WWD: You had hoped "Thelma & Louise" would usher in a new era of film for women.

S.S.: It didn't. But I thank Ridley Scott for putting us in this iconic, major framing in that place, because that had a lot to do with it. It was a small story that he made big. It was like being in a cowboy movie except with women and trucks instead of horses and guys, but I don't think anyone had a premonition that we were backing into this territory that was held by men.

WWD: If woman's place in cinema is not yet where it needs to be, what is your hope for the future?

S.S.: I hope that we tell more stories that are more diverse about all kinds of people, and certainly Ryan [Murphy's] initiative [the Half foundation] is a great step. The fact that so many people are having conversations about it is a major, major step. I think it's just a bad habit that we don't tell more stories where women are the protagonists. I think it's hard for a lot of male studio executives to identify with female protagonists, but now that there are more women in positions of power we can green-light projects. My last four films were with women directors, and I think that more female actors have the power to get things made, develop scripts, are doing their own projects.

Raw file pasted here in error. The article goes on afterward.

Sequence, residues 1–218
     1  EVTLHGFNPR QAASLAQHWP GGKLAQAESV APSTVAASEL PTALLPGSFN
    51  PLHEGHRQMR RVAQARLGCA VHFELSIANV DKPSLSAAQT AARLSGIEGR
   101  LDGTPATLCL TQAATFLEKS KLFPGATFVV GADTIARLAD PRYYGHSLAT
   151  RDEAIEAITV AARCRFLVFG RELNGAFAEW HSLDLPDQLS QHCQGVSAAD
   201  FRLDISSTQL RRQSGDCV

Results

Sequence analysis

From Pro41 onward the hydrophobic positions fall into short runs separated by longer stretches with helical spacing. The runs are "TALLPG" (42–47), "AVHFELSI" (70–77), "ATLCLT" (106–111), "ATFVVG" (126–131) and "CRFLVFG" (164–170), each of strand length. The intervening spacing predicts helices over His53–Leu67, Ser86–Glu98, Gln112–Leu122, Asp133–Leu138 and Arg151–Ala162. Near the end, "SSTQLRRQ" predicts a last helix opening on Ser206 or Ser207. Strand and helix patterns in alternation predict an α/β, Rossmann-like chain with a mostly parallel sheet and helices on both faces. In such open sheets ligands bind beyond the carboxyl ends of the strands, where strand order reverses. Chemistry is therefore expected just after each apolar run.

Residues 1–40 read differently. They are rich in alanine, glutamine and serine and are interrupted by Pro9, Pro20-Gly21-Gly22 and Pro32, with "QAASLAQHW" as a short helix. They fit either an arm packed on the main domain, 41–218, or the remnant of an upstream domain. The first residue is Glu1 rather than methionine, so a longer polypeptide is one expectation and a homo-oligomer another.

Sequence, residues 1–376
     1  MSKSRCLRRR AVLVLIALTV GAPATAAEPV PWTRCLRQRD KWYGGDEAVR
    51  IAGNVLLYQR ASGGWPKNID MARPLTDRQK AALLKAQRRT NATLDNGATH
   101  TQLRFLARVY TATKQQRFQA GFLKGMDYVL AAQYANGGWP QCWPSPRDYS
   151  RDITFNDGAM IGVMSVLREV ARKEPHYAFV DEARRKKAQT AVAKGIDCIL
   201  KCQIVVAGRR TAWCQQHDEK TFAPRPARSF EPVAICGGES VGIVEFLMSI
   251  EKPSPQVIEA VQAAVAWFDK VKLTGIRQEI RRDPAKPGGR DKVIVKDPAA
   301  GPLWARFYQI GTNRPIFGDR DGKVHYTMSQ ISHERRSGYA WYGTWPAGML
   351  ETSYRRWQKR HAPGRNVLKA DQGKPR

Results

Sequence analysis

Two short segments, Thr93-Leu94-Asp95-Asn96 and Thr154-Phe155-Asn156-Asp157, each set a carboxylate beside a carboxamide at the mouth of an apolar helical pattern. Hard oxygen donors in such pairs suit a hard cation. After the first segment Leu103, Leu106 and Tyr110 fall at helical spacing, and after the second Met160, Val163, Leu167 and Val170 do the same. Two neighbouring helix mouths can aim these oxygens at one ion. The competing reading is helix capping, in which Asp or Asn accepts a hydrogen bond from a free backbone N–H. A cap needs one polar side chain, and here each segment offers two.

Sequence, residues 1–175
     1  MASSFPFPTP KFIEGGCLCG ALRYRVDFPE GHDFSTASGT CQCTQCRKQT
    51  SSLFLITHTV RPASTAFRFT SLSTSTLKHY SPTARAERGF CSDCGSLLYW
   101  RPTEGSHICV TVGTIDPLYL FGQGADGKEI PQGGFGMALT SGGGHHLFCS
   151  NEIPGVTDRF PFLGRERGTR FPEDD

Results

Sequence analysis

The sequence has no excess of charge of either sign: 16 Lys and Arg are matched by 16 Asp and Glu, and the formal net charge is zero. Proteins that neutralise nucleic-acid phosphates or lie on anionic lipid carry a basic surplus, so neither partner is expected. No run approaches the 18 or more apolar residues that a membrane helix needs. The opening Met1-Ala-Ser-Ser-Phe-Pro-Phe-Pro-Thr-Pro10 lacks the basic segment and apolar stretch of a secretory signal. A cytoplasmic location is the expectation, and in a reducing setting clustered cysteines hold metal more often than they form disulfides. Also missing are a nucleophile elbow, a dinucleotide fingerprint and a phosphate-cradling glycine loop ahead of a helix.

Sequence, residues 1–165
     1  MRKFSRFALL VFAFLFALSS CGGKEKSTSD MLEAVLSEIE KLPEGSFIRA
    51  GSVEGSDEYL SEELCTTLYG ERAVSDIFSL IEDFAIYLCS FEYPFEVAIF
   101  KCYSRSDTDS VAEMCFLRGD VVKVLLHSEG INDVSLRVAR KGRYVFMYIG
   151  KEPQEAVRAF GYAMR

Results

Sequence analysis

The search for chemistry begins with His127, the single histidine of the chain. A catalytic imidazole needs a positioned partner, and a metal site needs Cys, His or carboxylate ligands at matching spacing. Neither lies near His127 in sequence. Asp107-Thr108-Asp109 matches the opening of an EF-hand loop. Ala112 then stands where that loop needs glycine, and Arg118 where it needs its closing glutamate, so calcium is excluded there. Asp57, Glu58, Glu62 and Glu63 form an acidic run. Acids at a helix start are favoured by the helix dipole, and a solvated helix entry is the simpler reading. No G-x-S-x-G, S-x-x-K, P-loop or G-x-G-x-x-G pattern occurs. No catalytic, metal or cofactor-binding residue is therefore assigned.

WWD: Have TV series opened up more opportunities for female actors?

S.S.: Hugely so. TV has always favored women from the early days of soap operas, where the women ruled soap operas. Definitely these various platforms, the miniseries, etc., are offering women more juicy parts than you'll see in the film world. Also, stuff on TV can appeal to a narrow demographic as opposed to films which, when they're being pushed, cost so much money that they're trying to please everyone, and so you end up homogenized.

WWD: Do you have any actor heroes?